They might also have the option of using a pseudonym on their accounts. Most other platforms already allow for this, but “at present, Facebook still needs to know your real name,” says Anja Kovacs, director of the Internet Democracy Project, a Delhi-based NGO. However “there’s plenty of evidence that this harms vulnerable people,” she says. For example, a transgender woman who’s in the middle of transitioning, or a person in India who might be targeted because of their caste. Some research indicates that anonymity can actually lead to better behavior online.
In 2015 Facebook announced a compromise to its real-name policy to allow some members to request to use pseudonyms if they could show they have a “special circumstance”, but they would still need to verify their true identity. Campaign groups have criticized the step as it requires people who are potentially vulnerable to reveal intimate details of their personal lives.
A spokesperson for Facebook says that a real name is required on its site to prevent impersonation and identify misrepresentation: “Our authenticity policies are intended to create a safe environment where people can trust and hold one another accountable.”
Webb, however, believes this position is short-sighted.
“If you’re a white man in Silicon Valley or Silicon Roundabout in London, if you’ve never experienced anything from small microaggressions up to very severe violence throughout your life, then it’s not your natural tendency to think about those things when designing technologies ,” she says.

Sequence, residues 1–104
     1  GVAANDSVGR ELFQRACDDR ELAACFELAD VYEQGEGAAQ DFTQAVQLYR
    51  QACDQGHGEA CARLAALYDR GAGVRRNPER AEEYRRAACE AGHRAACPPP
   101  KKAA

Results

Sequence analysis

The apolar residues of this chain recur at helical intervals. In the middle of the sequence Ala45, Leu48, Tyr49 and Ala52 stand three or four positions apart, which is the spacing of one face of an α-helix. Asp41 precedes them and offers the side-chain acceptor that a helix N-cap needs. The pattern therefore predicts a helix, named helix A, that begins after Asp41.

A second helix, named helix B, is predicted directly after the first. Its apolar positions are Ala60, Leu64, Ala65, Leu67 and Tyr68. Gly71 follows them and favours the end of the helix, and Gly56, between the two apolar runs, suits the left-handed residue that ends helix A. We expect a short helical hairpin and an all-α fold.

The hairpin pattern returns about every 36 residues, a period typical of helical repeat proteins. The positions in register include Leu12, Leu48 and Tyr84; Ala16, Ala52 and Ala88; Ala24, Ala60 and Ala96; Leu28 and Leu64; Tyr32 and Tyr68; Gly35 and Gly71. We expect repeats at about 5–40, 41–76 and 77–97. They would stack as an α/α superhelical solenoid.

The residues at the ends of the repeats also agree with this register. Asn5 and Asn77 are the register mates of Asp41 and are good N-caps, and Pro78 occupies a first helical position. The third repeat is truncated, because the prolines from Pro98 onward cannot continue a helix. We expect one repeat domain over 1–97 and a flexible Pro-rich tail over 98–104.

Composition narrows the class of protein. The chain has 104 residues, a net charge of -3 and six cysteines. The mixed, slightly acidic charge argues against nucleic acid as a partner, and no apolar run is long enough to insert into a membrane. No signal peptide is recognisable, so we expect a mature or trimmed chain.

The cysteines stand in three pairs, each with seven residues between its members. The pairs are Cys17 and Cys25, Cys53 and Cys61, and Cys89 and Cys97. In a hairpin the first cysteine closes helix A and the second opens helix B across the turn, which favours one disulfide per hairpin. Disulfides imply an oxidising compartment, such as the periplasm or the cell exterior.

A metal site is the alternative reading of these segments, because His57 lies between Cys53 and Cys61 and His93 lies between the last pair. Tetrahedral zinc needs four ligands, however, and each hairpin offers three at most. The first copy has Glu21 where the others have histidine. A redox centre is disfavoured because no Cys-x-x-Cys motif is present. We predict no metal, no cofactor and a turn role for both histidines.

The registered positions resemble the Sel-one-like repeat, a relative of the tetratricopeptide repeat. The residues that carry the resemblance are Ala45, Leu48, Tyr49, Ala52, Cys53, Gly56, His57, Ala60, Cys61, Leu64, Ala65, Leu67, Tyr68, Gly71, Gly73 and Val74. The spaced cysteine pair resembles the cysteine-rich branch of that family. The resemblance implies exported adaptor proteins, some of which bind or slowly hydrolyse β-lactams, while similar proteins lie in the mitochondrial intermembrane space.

But women and minorities bear the brunt of online abuse. Overall, nearly six in 10 women worldwide experience some form of online violence, as a 2020 survey of more than 14,000 young women from 22 countries found.
Another study of more than 1,600 revenge porn cases revealed that 90% of victims were women.
And in 2020, a Pew Research Center poll found that women in the US were three times more likely than men to face sexual harassment online. Seven in 10 lesbian, gay or bisexual adults experienced abuse, compared with four in 10 straight adults. And more than half (54%) of black or Hispanic targets believed race was a driving factor for their harassment, versus 17% of white targets.
Because of these disparities, women and minorities are more likely to “think of edge cases” where groups of people might be overlooked, “foresee problems, and predict the ways in which technologies might be misused”, says Webb.
Had they been in charge of creating the internet, they may well have prioritised safety measures. And they might have done so from the start. Social media platforms such as Facebook, Twitter and Reddit, for example, now ban revenge porn on their sites. But they did so in 2015 — a decade since their respective launches — after facing pressure from roughly leading female, says Chander. “That should have been the policy from the very start.”
None of the platforms the BBC contacted were willing to explain why it had taken 10 years to implement the policies.